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Strange Weather in Tokyo

Arts & Events, Books - by Jenni Kauppi

Strange Weather in Tokyo
By Hiromi Kawakami, 2013
Translated by Allison Markin Powell
Portobello Books

An eerie and quietly enigmatic love story by Japanese novelist Hiromi Kawakami, Strange Weather in Tokyo lures the reader in to its strange atmospheric pressure with its delicate, dreamlike quality.

But it’s not the same kind of strange as that invoked in a Haruki Murakami novel, with its canny cats and parallel worlds, though the similarities will almost certainly occur to readers of both. Where Murakami creates a kooky atmosphere of other worldliness, Kawakami’s is a strangeness much more earthly in quality.

Tsukiko, a late-30s office worker and consummate loner, is drinking sake alone at her local when she has a chance meeting with an old high school teacher. Calling him Sensei when she cannot immediately recall his name, the pair strike up an unlikely companionship. As the two become becoming drinking buddies through a series of further unplanned meetings, an unexpected tenderness and intimacy forms.

Kawakami is a renowned essayist, short story writer and novelist in Japan where the novel was released as The Teacher’s Briefcase (Sensei no Kaban), and shortlisted for Man Asian Literary Prize in 2013. She burst onto the Japanese literary scene with her 1994 short story Kamisama (God) which won the Pascal Short Story Prize for New Writers, and a subsequent novel in 2007, Manzuru (incidentally, also about an emotionally isolated woman), was met with popular and critical acclaim.

In Strange Weather, the story takes place over 17 chapters that feel much like episodes or discrete short stories linked by the incremental closeness of the pair’s relationship. The book’s uncanny tone places it in a vaguely surreal realm, even while its banal yet somehow delightfully precise details tether it firmly to the real. The pair’s natural frisson – he, the even-tempered aging teacher; she, the fiercely independent young woman – makes for an interesting dynamic and their dialogue has the texture of a conversation experienced in real time. Sensei’s thoughts on tofu, for example, apropos of nothing in particular: “Tofu is quite special…it’s good warm. It’s good chilled. It’s good boiled. It’s good fried.  It’s versatile.” The book is littered with such non-sequiturs, and yet the cumulative effect is a casual intimacy, a feeling of being present with the pair, while also illuminating the banalities into something meaningfully prescient.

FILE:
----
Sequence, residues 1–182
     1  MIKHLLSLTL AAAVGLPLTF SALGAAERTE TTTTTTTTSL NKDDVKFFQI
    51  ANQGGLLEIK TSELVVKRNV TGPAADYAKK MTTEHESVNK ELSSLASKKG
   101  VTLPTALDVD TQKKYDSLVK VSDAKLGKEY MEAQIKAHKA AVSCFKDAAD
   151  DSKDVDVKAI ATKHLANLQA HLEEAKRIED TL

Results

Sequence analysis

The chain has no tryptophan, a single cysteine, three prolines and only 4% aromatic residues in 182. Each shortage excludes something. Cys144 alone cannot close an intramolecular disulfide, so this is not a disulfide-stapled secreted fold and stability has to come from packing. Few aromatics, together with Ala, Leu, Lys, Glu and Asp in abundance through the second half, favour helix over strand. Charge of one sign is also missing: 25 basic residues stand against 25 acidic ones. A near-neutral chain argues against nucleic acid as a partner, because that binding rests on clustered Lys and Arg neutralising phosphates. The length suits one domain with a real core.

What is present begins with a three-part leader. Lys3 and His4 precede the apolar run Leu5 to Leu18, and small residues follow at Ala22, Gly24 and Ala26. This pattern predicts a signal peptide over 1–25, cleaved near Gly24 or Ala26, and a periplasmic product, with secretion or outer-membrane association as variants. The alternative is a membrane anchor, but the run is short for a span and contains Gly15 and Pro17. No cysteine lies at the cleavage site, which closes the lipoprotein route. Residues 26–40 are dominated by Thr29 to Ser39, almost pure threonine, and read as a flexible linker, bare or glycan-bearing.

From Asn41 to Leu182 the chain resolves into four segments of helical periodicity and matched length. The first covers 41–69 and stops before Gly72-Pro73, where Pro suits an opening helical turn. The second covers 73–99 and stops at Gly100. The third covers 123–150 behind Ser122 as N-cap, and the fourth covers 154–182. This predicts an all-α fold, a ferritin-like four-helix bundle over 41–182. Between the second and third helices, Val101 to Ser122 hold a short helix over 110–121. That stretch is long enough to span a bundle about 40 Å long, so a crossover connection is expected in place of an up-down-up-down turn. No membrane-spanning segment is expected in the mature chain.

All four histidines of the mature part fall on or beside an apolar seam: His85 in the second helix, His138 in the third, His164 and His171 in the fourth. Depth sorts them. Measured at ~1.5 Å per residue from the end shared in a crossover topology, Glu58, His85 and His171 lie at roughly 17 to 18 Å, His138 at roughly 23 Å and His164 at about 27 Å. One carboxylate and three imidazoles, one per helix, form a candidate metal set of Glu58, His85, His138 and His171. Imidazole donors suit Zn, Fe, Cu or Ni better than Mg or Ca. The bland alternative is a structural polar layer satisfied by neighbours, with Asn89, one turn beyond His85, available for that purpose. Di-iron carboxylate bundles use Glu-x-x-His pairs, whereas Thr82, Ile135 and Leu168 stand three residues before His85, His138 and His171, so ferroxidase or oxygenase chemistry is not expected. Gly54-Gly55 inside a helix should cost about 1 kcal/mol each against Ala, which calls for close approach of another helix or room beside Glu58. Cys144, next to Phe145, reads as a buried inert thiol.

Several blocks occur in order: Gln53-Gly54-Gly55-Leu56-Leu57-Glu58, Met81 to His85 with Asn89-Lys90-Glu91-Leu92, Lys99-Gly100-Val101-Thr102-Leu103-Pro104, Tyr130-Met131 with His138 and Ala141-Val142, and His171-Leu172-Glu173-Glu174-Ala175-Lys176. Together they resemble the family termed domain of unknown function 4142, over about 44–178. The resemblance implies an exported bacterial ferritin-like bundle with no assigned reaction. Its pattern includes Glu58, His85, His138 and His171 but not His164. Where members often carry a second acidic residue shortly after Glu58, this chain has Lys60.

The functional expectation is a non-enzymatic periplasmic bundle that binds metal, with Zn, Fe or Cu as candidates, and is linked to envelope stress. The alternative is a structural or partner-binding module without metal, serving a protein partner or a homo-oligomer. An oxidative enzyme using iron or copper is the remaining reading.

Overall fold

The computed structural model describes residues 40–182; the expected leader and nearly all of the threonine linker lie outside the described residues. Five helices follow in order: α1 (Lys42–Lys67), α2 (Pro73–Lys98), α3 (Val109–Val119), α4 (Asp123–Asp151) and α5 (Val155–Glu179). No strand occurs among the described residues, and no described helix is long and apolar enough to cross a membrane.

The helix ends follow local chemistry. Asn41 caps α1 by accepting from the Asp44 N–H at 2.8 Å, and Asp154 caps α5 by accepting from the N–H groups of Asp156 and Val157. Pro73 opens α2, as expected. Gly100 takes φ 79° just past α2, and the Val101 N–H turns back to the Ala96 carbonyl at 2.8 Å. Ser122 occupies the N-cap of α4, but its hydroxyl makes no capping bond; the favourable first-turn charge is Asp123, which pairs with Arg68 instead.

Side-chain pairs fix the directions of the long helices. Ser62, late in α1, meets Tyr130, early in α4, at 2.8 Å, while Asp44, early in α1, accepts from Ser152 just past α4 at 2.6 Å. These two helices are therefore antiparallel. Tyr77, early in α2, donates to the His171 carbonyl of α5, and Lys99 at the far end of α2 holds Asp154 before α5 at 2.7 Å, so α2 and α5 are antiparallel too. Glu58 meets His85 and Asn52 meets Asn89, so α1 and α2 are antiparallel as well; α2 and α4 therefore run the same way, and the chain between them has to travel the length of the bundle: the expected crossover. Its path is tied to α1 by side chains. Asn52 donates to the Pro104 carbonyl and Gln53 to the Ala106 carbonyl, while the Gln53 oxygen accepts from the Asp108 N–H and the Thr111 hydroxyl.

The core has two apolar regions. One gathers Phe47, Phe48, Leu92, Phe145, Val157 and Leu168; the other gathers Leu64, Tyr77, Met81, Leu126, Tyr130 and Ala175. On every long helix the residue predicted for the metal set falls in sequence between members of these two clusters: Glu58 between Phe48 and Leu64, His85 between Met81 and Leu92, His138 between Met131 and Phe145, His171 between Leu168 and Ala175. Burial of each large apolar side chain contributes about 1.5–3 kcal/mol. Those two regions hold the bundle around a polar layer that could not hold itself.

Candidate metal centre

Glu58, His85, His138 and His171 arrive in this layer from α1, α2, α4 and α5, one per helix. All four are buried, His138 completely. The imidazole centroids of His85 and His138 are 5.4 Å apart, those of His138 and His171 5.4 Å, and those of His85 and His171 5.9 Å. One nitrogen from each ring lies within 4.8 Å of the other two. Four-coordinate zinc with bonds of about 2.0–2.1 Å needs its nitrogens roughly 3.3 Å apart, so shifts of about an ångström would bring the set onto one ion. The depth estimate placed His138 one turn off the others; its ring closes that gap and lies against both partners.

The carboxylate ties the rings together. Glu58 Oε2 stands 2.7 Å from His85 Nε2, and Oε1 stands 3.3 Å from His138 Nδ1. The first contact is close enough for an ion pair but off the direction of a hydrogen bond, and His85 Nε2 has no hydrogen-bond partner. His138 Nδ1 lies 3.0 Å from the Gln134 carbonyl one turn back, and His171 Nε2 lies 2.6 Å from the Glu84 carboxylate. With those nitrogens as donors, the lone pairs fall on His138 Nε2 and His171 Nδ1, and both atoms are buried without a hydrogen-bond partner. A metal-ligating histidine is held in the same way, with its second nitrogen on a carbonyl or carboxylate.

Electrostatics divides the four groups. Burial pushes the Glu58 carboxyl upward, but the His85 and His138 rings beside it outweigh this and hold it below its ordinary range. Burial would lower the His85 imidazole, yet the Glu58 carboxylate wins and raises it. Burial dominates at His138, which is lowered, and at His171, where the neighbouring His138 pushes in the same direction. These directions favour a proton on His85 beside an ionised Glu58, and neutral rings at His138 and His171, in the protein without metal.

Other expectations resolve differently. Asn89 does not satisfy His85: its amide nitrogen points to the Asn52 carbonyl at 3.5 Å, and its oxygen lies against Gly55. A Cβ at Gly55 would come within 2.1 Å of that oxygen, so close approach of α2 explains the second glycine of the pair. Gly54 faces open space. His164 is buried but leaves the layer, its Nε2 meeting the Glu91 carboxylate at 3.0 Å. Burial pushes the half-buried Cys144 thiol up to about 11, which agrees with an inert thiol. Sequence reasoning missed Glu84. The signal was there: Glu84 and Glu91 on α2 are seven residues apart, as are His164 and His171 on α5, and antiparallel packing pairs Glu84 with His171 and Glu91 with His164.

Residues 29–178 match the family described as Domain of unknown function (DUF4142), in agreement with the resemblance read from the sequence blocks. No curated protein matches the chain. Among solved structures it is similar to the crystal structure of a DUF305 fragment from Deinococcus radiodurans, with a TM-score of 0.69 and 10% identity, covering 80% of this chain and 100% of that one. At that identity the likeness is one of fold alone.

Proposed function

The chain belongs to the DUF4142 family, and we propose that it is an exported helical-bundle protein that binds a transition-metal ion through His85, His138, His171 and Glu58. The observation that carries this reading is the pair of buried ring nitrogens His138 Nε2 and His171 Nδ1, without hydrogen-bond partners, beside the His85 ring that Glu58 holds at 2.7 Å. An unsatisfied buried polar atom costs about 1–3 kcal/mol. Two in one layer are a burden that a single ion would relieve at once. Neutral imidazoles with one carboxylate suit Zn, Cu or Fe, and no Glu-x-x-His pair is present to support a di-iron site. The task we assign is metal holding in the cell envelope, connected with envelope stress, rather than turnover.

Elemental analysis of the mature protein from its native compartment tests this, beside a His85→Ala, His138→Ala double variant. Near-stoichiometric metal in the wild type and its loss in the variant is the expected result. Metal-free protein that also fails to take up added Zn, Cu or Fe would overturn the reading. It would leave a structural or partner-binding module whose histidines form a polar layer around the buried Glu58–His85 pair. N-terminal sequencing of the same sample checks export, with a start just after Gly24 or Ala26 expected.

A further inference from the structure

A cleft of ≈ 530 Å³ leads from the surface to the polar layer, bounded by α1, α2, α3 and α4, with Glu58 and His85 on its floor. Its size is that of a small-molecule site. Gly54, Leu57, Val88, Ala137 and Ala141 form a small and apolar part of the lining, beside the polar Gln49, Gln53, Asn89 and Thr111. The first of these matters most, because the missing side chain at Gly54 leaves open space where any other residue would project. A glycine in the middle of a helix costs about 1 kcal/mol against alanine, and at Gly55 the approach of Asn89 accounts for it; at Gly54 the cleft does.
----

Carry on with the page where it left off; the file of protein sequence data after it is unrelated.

Its stripped back style of writing suggests the translation by Allison Markin Powell honours the spirit of the original Japanese text, maintaining the stark simplicity and economy of expression for which the language, and parts of its culture, are known. But it’s a style that brings into high relief the often heartbreaking descriptions of Tsukiko’s personal loneliness and for the tenderness growing between them. It’s when emotions are engaged, that Tsukiko’s language, otherwise so concrete and literal in her logic and expression, becomes abstracted:

“At some point, sitting beside Sensei, I began to notice the heat that radiated from his body. Through his starched shirt, there came a sense of Sensei. A feeling of nostalgia. This sense of Sensei retained the shape of him. It was dignified, yet tender, like Sensei. Even now, I could never quite get a hold on it – I would try to capture it, but the sense escaped me. Just when I thought it was gone, though, it would sneak back up on me…Wasn’t a sensation just that kind of indistinct notion that slips away, no matter how you try to contain it?”

On Sensei’s part, a brief and abrupt description of his wife and her abandonment of him and their son is all we, and Tsukiko for much of the novel, have on Sensei, and he remains as mysterious and compelling to us as to Tsukiko.

In many ways, Strange Weather is a love story for modern Japan – the ubiquitous young  office-worker drinking alone and opting out of the marriage-and-family convention. But in a culture where social lives and loves increasingly take place by proxy in cyber space, Kawakami’s candid alternative paints a picture filled with humour, hope and a surprising type of romance.

Note: while it’s not orthodox book review practice to include mention of the cover, the striking work of Natsumi Hayashi, known for her eerie and evocative levitating self-portraits, warrants an exception. You can see more here: http://yowayowacamera.com/

Strange Weather in Tokyo
By Hiromi Kawakami, 2013
Translated by Allison Markin Powell
Portobello Books

By Jenni Kauppi
Writer and bookseller

 

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